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Specialists: Steering around the Rocks
In a Recession
 
Today’s recessionary howls like a hurricane on the horizon. Turbulent seas challenge business and toss our sales teams around like puppets. The Specialist needs to stand strong, maintain a steady hand on the wheel and a keen eye for rocky crags to the starboard. Best of class Specialists assume the responsibility for directing their team around the rocks and toward the light. In times of calm the ship will sail itself, but in stormy weather, constant adjustments to the course are necessary. In our world business is the ship, and the plan is our rudder. Specialists must review conditions and adjust course as conditions dictate.
 
For the next few moments, let’s spend some time thinking about the rocky shoals and rushing waters around us. We will look at a “Lucky -7” list that could have a dramatic effect on our business this year. So put both hands firmly on the wheel, we will set sail.
 
Get your plan finished
Hopefully you are in the practice of setting up an annual plan with your major supply partners.   But in this day of cutbacks and uncertainty, you may discover that some plans just didn’t get done. Don’t feel alone, many distributors have confided that this year’s details are lagging. And, even in great times, some of people just drag their feet on planning – with many plans not being finalized until mid-April. Now is the time to get yours done. And, in the immoral words of General George S. Patton, A goodplan, violently executed now, is better than a perfect plan next week.” Don’t try to impress people with flowery words or overly fancy charts. In this case, it really is the steak and not the sizzle.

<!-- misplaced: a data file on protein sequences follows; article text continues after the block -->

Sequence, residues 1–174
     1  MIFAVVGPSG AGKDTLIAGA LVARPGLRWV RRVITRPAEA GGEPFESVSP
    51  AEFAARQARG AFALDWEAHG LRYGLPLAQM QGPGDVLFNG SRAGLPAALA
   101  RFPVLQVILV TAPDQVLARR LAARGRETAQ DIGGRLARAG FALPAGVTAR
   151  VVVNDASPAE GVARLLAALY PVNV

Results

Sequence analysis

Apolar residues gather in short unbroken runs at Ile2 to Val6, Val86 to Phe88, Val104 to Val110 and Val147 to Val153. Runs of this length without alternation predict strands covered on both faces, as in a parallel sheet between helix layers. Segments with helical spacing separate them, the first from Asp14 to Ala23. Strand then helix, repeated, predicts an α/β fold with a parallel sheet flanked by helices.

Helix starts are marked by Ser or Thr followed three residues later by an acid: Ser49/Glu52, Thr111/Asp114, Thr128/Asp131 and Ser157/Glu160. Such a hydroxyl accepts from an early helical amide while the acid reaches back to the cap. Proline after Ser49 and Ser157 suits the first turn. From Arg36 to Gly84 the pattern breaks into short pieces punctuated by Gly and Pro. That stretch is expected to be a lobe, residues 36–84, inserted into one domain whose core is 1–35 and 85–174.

Once your plan is finished, it does no good while lying dormant in the back drawer. This year more than ever it needs to be referenced and updated often – once a month minimum. Things change quickly and revising the plan to take advantage of the changes will have an impact on your performance.
 
One - Targeting
Targeting is one area that needs to be reviewed often. Specialists who work with their sales team to establish and systematically work their target accounts have an edge – research shows sales organizations who target are 47% more likely to reach their sales goals. Here’s where targets need to be monitored:
  • Has anything changed at the account? Companies are moving facilities. Some have declared a moratorium on capital spending. Others still are consolidating operations. The sooner you recognize the situation the better you can reshuffle resources. 
  • Has a major competitor down-sized? Often when companies downsize they leave temporary gaps in their account coverage. This can create opportunities that need to be addressed quickly.
  • Has any part of your own sales coverage changed? If a targeted opportunity ends up without solid account coverage, your target may be in jeopardy. A savvy Specialist works with the new salesperson to insure that no important target sits idle.
  • Has pricing or some other commercial situation changed?   Commodity prices are in a constant state of flux. These change pricing levels. Factory loading affects prices, too. Can any of these changes be used to improve your best interest?
  • Some industries are fairing better than others. Automotive related industries may be trending downward, but other facets of our economy are holding their own. Food processing and non-luxury consumer products continue to show promise as growth opportunities. Can you do better by moving these customer front and center?
 
Two - Sales Strategies
This is related to targeting, but not quite the same thing. You need to ask; do any of my products fall into “recession proof” categories? Experts predict that Food Processing, Health Care, Energy, Green Initiatives, Safety and Government sectors will not experience sever setbacks. If you can attach your products to one of these stars, you can find growth.
 
Three - Retool your Value Proposition